However, she said this changed following a meeting with Tennessee Bureau of Investigation Agent Chris Bevins, who was assigned to the Harris investigation. She said Bevins met with her and her husband in late 2010 and advised them that the $4,500 in county funds could not be located and showed them documents signed by Harris and submitted to the Unicoi County Mayor’s office requesting payment for the vehicles.
“I couldn’t believe he had done us that way,” she said of Harris.
Harris’ counsel attempted to call Lynn Colbaugh’s credibility into question. Attorney Stacy Street, Harris’ co-counsel, asked her about the signature on the title of one of the vehicles when it was transferred to the sheriff’s department in September 2008. Street said this title had been signed by Eugene Price, her aunt’s husband. Price died in July 2007, but the signature on the title was dated May 7. In response to Street’s questioning, Lynn Colbaugh said she signed under Price’s name because of the power of attorney she had on her aunt’s property and had backdated the signature prior to his death. She also said the will was changed to remove Harris after their second and final meeting with Bevins, but Street questioned why Bevins’ report included information regarding the will change.
Tom Colbaugh corroborated much of his wife’s direct testimony. He also said the vehicles had been donated to the sheriff’s department, and that his wife was following Harris’ instruction when cashing the checks made payable to her and providing Harris with the cash.
He also testified that no mention of the $4,500 was made in regards to the care of the bloodhounds he had purchased for the sheriff’s department in 2004. He also said the couple’s will was changed after their meeting with Bevins.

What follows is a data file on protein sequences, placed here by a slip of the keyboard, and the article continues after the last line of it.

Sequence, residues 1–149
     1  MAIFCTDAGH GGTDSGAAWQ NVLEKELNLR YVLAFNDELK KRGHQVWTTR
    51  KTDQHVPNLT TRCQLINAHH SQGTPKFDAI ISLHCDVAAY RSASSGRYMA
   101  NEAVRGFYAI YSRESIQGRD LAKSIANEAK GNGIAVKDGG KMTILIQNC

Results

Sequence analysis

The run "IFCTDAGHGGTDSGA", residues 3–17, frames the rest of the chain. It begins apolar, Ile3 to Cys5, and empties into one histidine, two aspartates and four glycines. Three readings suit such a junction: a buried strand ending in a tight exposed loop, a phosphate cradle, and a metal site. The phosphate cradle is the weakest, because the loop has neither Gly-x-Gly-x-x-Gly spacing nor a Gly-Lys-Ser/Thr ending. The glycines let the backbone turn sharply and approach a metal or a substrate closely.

The state also presented jurors with copies of documents they said showed a request from Harris submitted to the county mayor’s office seeking payment for the vehicles. Clark also called several other witnesses throughout the day, including County Mayor Greg Lynch, sheriff’s department bookkeeper Joy Grindstaff, County Clerk Mitzi Bowen and state auditor Mark Treece, who testified auditors found no receipts of the $4,500 coming back into a county fund.
Most of this testimony was focused on the process that a county department or official must go through when attempting to make a purchase using county funds, which includes a requisition being submitted to the county mayor’s office and checks coming from the county trustee’s office if the request is approved.
Bowen, whose office is responsible for keeping the minutes of county meetings, testified Harris had stated at a county finance committee meeting that the vehicles had been donated.
The state rested its case at around 4:20 p.m., and Harris’ defense got under way with its case before court was recessed at 5 p.m. The defense called Pattye Elliott, director of East Tennessee Bloodhound Rescue, where the bloodhounds eventually ended up, to testify. Elliott said that when she was contacted by Harris a little more than a year ago to see if the bloodhounds could be sent to the rescue, she told him that her sanctuary did not have the resources or housing to accept them. She said Harris offered to provide a donation to go toward housing and care for the dogs if they could remain at the rescue for the remainder of their lives.
Elliott said her husband came to pick up the dogs and received a check from Harris for $5,500 dated May 28, 2011. This was after the Unicoi County Commission voted to donate the dogs to the rescue last May. She also said Tom Colbaugh was briefly present for a meeting she previously had regarding the dogs with Unicoi County Sheriff’s Department officials.
The trial continues today at 9 a.m. in Unicoi County Criminal Court.